The mapping features of a car are important for several reasons. One is to give you great navigation control, another is for self-driving cars to have a better awareness to their surroundings. Well, it would seem that BMW, Audi and Mercedes are thinking about using Nokia Mapping for that purpose.
The deal was supposedly struck at $2.7 billion, beating out Silicon Valley bidders, though it was certainly less than what Nokia was likely hoping for. After all, their mapping technology was bought back in 2008 at a whopping $8.1 billion. With that said, it would seem that if the negotiations are successful, BMW and the rest are planning on having other auto makers participate in investing on the platform as well.
The deal was put in motion due to Nokia’s announcement back in April with regards to their plans on selling the technology. The car makers wanted to avoid having Nokia Here fall in the hands of companies like Google or Apple, wherein their control of the information systems that are vital for the future of car technology would be lost.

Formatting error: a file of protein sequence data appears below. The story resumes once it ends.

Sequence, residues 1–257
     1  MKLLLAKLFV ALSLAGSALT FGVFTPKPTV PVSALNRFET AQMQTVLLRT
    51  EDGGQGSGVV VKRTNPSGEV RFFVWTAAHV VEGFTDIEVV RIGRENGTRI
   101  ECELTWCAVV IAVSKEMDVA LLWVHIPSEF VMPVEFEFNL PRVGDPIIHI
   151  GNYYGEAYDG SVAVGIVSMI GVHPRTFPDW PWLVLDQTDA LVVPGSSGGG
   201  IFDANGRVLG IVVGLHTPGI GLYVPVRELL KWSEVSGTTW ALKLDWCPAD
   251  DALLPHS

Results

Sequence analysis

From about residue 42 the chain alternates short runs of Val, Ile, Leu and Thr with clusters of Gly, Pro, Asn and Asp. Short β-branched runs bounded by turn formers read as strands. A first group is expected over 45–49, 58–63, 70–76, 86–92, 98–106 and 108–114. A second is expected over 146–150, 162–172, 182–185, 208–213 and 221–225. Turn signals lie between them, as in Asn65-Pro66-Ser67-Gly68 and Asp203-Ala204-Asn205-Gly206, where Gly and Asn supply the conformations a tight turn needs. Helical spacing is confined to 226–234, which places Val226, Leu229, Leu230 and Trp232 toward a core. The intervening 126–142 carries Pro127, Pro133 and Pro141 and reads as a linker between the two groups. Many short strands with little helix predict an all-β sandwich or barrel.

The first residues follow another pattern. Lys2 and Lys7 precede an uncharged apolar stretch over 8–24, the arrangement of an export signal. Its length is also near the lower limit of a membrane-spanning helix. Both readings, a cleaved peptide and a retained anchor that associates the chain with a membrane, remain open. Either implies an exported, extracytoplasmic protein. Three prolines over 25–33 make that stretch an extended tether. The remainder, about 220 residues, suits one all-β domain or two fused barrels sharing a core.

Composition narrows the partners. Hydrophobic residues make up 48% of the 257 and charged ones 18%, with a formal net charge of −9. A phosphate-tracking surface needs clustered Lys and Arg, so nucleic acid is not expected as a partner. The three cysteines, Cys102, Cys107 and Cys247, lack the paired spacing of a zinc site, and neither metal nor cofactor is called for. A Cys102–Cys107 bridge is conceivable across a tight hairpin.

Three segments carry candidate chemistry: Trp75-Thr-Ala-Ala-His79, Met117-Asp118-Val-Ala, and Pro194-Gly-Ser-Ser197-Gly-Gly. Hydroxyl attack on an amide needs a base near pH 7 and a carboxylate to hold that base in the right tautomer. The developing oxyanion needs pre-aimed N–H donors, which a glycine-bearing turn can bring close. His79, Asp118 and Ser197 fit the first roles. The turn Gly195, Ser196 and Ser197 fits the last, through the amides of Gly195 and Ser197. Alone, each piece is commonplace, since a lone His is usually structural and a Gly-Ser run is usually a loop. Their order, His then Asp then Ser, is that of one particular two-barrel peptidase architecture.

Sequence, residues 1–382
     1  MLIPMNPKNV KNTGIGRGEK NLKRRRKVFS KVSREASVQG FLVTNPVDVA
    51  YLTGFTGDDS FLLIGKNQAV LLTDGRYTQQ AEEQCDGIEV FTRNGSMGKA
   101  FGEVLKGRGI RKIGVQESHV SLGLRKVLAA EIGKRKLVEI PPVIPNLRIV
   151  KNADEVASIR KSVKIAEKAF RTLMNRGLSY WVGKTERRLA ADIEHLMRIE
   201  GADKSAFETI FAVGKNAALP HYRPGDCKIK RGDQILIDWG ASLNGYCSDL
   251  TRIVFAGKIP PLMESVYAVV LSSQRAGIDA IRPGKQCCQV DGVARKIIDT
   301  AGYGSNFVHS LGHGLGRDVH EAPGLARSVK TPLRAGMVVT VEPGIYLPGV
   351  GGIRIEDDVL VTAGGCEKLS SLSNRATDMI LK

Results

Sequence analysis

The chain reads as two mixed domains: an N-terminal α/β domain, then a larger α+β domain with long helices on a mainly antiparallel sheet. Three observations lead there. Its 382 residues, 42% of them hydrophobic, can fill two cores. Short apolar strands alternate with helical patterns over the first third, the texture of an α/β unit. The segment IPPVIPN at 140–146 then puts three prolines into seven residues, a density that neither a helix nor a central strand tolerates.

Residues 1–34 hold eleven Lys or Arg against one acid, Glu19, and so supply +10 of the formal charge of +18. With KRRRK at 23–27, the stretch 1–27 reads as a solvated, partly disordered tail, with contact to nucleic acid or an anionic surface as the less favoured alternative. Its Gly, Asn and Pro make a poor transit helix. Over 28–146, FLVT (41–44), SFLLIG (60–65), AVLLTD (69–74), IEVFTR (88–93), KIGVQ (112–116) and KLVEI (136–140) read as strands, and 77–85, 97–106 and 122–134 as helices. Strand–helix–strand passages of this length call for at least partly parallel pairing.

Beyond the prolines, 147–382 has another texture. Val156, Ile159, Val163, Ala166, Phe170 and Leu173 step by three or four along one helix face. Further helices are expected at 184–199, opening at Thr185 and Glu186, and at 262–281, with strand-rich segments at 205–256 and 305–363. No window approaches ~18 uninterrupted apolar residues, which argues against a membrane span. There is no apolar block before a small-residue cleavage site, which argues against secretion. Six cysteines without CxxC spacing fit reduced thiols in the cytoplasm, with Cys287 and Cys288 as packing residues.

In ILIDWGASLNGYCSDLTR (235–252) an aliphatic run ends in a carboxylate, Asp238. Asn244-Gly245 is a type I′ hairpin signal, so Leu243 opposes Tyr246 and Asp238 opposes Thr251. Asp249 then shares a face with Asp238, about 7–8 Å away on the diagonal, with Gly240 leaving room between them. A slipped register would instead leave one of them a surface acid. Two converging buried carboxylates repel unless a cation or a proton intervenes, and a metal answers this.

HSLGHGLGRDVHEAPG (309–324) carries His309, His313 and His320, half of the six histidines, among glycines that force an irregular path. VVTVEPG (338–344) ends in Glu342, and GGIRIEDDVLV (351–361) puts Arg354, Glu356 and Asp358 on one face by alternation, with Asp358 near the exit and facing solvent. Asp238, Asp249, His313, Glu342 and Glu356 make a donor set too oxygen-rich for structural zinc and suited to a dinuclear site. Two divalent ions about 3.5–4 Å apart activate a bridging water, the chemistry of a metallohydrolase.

Speaking of which, Robert Bosch GmbH and TomTom NV, a German supplier of auto parts and a Dutch digital mapping company respectively are also working together to create hi-def maps which would be used for automated cars.
“We will only be able to have self-driving vehicles on the highway in 2020 with highly accurate maps,” said Dirk Hoheisel, Bosch general manager, in a written statement.
“We want to have highly accurate maps for self-driving vehicles of all highways and similar roads in Germany by the end of 2015,” said an automotive division vice president at TomTom, Jan-Maarten de Vries.
Earlier this month, Nokia held talks with the German car companies in order to reach a final conclusion of the deal. Delays caused by details such as patents and intellectual property might have slowed things down, but that’s about it.
“We are not just building a map,” said Floris van de Klashorst, in charge of Nokia Here’s connected driving business. “We are creating a 3D high-definition digital representation of the world in real-time.”
This is a reference to the shifts in the way car navigation maps are made, wherein static maps are now replaced by versatile maps that chance in real-time, providing details regarding traffic and road conditions.